Their every text or encounter is worth in gold, and the idea of being with them seems like a win in the jackpot. At least for the first few months. But as date nights morph from head banging at the Red Hot Chilly Peppers followed by parasailing over the Atlantic to eating pizza on the couch while watching a movie on Netflix, routine starts creeping in. You start getting comfortable, putting less effort into planning time spent together. The screen becomes the entertainment, and takeout, your dinning experience. The mystery is gone, as you figure out each other’s tendencies and habits, and before you know it, your relationship slides onto the quick and easy track. And the easier something becomes, the less valuable we perceive it be.

It’s human nature to grow accustomed to something that’s always there. And so like the air that we breathe without much thought, the person who’s always there, keeping us company, also starts being taken for granted.

Generally it’s difficult to always focus our attention on one individual, all of the time. Occasionally we take others for granted, even the people we care for. It’s difficult to keep the same level of focus we had for someone at the beginning of our relationship, five or ten years later. But it’s one thing to get distracted now and then, and another when their presence leaves us feeling indifferent.

Stay flexible not rigid 

In the case of the slippers, my kids became indifferent about them because the slippers were good for one thing only: a five minute stroll around their bedroom. They sure looked good for a few minutes, but those plastic slippers were uncomfortable, not practical for an active child, and could only fit a lucky girl with the size 12 feet. Those shoes offered only one application.

Curiously, in my girls’ toy donation boxes I found dolls, stuffed animals, coloring books, princess dresses, plastic knick knacks they got with their kids meals, beads, or games with missing pieces. The one toy I have never seen them part with is Lego. Why? Because Lego bricks offer them endless possibilities. They can build any structure their minds can imagine. It’s a toy that always stays cool because it adapts to anything their mind can think of. Legos have hundreds, if not thousands, of applications. You can build anything, then destroy it, and then build something new again, whether you’re nine years old or 99! They never get old because they always offer new possibilities.

How do we stay valuable? By reinventing and investing in ourselves. 

Keep building and rebuilding who you are. Create a better version of yourself beyond just the physical. Looks can certainly help at the beginning, but your six-pack abs or killer legs alone can carry you only so far. Without substance, no matter how shapely your legs look as you stretch them on that couch watching Netflix, if those legs can’t carry you further than the fridge and your sofa, and your conversation dies after three sentences, you’ll soon be walking alone.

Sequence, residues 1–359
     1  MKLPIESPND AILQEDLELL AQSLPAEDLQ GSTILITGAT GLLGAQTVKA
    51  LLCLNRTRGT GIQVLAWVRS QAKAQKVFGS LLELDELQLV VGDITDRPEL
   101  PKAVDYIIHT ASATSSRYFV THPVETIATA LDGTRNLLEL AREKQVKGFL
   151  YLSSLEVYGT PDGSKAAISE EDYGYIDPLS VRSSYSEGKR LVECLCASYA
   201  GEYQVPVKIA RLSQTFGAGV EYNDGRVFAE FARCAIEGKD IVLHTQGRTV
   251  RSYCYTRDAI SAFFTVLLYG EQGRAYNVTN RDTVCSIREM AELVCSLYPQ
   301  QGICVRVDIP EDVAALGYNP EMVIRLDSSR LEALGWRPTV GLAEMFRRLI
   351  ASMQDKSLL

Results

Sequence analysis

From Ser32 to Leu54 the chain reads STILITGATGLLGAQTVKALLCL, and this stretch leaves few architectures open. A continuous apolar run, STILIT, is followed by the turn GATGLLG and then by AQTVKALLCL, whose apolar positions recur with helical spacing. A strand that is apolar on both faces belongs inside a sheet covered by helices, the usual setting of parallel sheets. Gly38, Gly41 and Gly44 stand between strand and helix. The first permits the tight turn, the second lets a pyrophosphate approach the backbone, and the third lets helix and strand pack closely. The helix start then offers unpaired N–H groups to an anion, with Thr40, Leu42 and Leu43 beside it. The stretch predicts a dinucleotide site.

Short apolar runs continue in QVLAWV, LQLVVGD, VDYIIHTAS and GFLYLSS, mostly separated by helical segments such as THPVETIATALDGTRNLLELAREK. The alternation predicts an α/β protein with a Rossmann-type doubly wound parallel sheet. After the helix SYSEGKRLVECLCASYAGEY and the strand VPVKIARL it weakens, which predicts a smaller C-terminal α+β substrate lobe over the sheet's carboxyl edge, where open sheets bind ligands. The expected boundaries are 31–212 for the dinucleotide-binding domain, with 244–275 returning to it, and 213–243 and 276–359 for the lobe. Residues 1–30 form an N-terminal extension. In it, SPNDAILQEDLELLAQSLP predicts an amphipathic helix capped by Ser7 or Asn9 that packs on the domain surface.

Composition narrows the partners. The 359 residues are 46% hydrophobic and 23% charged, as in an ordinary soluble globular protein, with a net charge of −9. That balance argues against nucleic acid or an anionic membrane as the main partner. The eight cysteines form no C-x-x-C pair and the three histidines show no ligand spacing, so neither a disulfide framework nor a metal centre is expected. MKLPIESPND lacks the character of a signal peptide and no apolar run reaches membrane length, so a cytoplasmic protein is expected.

How to reinvent yourself? through experiences and education. By collecting new experiences and learning new skills, we evolve. And our personal evolution should never end. Just because you landed a warm body to keep you company for a month or two, in the long run, it’s your ability to keep others engaged that will determine if you’re just a stop along their route, or their destination.

Whether you are in a relationship or not, keep trying to be a better version of yourself. Take a class and learn something you were always afraid to try. Maybe it’s cooking, piano or painting classes. Broaden your horizons, and try to push yourself occasionally outside of your comfort zone. Learn a different language, and go ahead, buy that ticket to Rome to see the Coliseum, instead of watching it on your computer screen. Take action and do something, anything that will get your heart pumping a little faster and place you in situations you’ve never been in before. Only by doing something new, will you broaden your experiences that will help you evolve into a better version of yourself. And the more work and effort you put into yourself, the more confidence you’ll gain, if needed, to walk away when you know you’re no longer valued by someone. And therefore, those around you who are conscious of this possibility, will understand your value that much more.

About the Illustration: The Circle of Love


In this picture I wanted to illustrate the circle of love and friendship in a relationship. I painted three stages of this cycle, starting from a simple encounter that progresses to the physical love, that eventually evolves into profound friendship and love. But the circle starts and ends with friendship.

In the illustration I framed each stage of this cycle by painting budding trees around each pair, symbolizing growth and possibilities that come with new growth. Just like trees grow a new canopy after every winter, so do we grow new opportunities with new experiences that we gain.

The cycle begins with awareness of the other person. And as awareness grows into curiosity about that individual, as seen between the two people on the left, the desire to connect deepens.

Then relationship grows more intimate, when touch connects the two physically, as seen by the couple in the middle staring at the sunset. And as the physical pairs with friendship, true love is formed. The pair standing on the highest plane touching hands, exemplify friendship and the physical connection in one.

Without friendship, profound love can’t exist. Relationships that last, start and end with friendship. And therefore it’s a cycle. Friendship means being nimble, willing to adapt, grow and evolve alongside each other. It means being open, and willing to invest in the friendship by investing in oneself and supporting one other. The work and effort we invest into our friendship first, will determine the strength of our relationship in the longterm.